Head Over Heels

This one is for Valentine’s Day and all the true believers in love and romance.

When I was in college, I had the Experience, or should I say the Experience had me. She was twenty-two and I was nineteen. She was studying for her masters in anthropology but her real major was adventure.

I was at a party some of my friends had given. She shimmered in, a warm glow flowing into the room. As she made her way toward me, it was as if a moon beam was falling toward a lake. I knew how the lake must feel, waiting in anticipation. Suddenly there she was, telling me her name. It was Hemingway. It wasn’t that her father liked the writer. Her mother just liked the name.

I was head over the precipice, my heels unable to hold me to the ground. We talked for a bit. Then we left, her magic leading me onward the way that Tinkerbell must’ve led Peter to Never Never that first time when he longed to stay a boy forever. We went out that door and stood in the middle of the street kissing for a half hour under the full moon. Right there and then I understood why that Prince went in search of Cinderella though he had only her one shoe by which to find her. How could he have not?

Over the next twenty days my life was filled with life. We were inseparable. We went sailing, canoeing, kayaking and surfing. She even got me to parachute out of a plane. But the scariest time was when she took me hang-gliding. During the day we did a new something-or-other that she had always wanted to do. At night we made love, sometimes wild and passionate, other times tender. It was as if heaven had somehow come down to earth and surrounded us with all its wonder.

Then she was gone. I woke up in the bed in my apartment early on the day after Valentine’s. I turned over toward her to kiss her a good day, a smile on my face. I was the luckiest man on earth. But, instead of her dark brown hair with even darker brown eyes, I saw a note.

Thank you, Trent, for all the wonder. It has been a grand adventure these past weeks. I love you but this can’t go on. I can’t take anymore of this happiness. When I met you that night, it was to be the last night of my life. It was only an accident that I came there. A friend had called me up at the last minute and asked me to come. I was about to end my life when I walked through that door and saw you, the most beautiful face I had ever seen. There was so much magic in it. I could never have imagined how beautiful life could be. But now I know and I thank you for what you gave me. Hem.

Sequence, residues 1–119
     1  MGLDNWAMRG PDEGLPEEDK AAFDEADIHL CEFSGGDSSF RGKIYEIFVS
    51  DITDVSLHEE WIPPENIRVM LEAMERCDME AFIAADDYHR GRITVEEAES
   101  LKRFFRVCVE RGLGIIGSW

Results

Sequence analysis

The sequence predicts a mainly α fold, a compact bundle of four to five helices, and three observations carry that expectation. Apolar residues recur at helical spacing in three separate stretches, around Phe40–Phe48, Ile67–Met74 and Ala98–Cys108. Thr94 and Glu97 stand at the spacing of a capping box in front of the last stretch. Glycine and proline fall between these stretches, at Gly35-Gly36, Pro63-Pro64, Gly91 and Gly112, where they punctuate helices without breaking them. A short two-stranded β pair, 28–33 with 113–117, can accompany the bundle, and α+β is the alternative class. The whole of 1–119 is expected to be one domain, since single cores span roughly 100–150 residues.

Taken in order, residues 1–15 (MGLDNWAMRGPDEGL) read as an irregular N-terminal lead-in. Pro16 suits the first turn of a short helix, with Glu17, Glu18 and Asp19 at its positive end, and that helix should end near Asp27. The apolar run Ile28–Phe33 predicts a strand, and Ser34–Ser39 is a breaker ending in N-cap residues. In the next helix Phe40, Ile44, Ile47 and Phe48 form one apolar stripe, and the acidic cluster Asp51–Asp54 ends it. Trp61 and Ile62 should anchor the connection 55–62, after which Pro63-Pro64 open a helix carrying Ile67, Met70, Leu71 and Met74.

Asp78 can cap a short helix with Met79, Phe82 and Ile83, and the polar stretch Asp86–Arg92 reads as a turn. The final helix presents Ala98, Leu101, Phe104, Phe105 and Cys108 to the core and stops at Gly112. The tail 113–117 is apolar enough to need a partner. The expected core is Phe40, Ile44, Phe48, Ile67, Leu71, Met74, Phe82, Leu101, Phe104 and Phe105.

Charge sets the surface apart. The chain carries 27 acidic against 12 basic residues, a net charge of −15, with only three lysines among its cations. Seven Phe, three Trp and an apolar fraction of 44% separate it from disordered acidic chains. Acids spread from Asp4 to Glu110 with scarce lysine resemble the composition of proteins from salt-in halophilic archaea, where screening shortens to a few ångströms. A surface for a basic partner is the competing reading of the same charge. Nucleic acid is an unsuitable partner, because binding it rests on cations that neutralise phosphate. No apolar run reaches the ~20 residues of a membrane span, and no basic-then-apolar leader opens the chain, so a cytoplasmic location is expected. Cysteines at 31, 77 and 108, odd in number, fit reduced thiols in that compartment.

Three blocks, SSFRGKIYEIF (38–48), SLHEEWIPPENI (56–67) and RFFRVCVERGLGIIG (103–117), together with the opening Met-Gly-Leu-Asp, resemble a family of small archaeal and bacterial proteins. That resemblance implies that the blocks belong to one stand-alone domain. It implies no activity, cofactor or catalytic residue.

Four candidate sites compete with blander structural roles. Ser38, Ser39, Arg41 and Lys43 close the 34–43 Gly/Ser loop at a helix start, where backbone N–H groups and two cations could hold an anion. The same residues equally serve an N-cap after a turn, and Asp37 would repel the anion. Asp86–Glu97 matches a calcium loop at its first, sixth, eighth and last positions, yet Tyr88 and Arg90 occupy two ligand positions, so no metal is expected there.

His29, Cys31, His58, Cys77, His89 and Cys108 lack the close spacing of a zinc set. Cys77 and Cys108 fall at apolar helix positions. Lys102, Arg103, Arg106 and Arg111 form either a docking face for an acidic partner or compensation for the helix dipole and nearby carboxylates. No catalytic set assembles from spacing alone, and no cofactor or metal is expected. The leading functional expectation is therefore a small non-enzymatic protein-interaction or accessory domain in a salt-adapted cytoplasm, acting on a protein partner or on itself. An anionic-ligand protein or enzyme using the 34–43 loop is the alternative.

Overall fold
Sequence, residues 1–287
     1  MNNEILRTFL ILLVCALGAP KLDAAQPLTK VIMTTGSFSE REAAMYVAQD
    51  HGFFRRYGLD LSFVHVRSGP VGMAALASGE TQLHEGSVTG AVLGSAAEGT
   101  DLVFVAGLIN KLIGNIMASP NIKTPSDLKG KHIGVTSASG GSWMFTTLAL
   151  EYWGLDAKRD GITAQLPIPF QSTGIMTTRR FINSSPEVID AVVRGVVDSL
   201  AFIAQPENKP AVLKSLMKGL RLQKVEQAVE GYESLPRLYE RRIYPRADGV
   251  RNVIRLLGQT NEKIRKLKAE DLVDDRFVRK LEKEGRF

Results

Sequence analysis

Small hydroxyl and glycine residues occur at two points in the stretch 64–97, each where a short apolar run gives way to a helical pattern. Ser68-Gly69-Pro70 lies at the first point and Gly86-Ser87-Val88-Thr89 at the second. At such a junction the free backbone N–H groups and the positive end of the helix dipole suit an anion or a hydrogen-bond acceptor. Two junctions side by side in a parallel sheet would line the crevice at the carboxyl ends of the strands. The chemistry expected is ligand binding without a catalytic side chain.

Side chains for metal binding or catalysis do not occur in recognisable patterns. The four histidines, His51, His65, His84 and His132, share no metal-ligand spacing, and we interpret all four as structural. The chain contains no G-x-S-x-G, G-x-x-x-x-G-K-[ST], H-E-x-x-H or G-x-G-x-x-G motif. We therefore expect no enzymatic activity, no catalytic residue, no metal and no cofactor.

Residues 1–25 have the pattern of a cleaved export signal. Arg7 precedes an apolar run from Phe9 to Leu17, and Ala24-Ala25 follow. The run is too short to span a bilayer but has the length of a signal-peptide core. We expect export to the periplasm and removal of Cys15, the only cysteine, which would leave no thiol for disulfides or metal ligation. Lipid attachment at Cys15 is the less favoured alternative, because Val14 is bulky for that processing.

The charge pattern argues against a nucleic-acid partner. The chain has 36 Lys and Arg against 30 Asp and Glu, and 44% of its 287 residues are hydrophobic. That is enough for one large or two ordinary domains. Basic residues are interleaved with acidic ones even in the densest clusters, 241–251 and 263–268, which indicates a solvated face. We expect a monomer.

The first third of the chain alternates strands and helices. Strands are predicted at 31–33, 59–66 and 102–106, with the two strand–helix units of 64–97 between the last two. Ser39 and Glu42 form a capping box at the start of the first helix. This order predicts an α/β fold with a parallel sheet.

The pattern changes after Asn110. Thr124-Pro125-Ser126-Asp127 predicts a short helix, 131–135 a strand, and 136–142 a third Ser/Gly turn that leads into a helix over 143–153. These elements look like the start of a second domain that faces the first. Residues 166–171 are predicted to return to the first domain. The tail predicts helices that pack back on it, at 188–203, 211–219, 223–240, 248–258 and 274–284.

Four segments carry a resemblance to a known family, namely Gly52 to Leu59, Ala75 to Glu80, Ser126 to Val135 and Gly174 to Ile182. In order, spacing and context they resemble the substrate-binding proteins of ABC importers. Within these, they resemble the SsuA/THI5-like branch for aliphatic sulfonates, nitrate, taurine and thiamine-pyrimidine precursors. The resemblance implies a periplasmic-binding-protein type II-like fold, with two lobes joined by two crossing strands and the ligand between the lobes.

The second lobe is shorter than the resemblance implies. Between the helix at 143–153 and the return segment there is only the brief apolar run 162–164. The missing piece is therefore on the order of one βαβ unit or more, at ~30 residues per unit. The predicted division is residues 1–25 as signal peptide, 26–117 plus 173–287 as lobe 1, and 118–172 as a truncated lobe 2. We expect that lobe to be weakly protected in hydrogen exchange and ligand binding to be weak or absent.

I searched for her but never saw her again. After a year of dead-ends I finally gave up. It was then that I realized that Happily Ever Afters don’t exist. But fairy tales do.

A mismatched couple

To all the mismatched couples out there.

Those shoes she bought me
They squeezed my feet
That hat she gave me
Didn’t look so neat
Those pants she brought me
They’re way too tight
The shirt she sewed me
It’s much too bright

We’re a mismatched couple
She and I
Yet our romance
We can’t deny

That car I bought her
Broke down in a week
That candy I sent her
Was much too sweet
The rose I brought her
It made her sneeze
The book I read her
A “No thank you please”

We’re a mismatched couple
She and I
Yet our romance
We can’t deny

The house we bought
Fell down on our heads
The garden we planted
Weeds pronounced it dead
The fights we’ve had
Win, draw or loose
But here we are
We’re the one we choose

We’re a mismatched couple
She and I
Yet our romance
We can’t deny

A Slow Boat to China

The seagulls called the ship out to sea. The S.S. Majesty answered with three blasts of its horn. It was the ship‘s final call, urging the passengers to board before she packed up.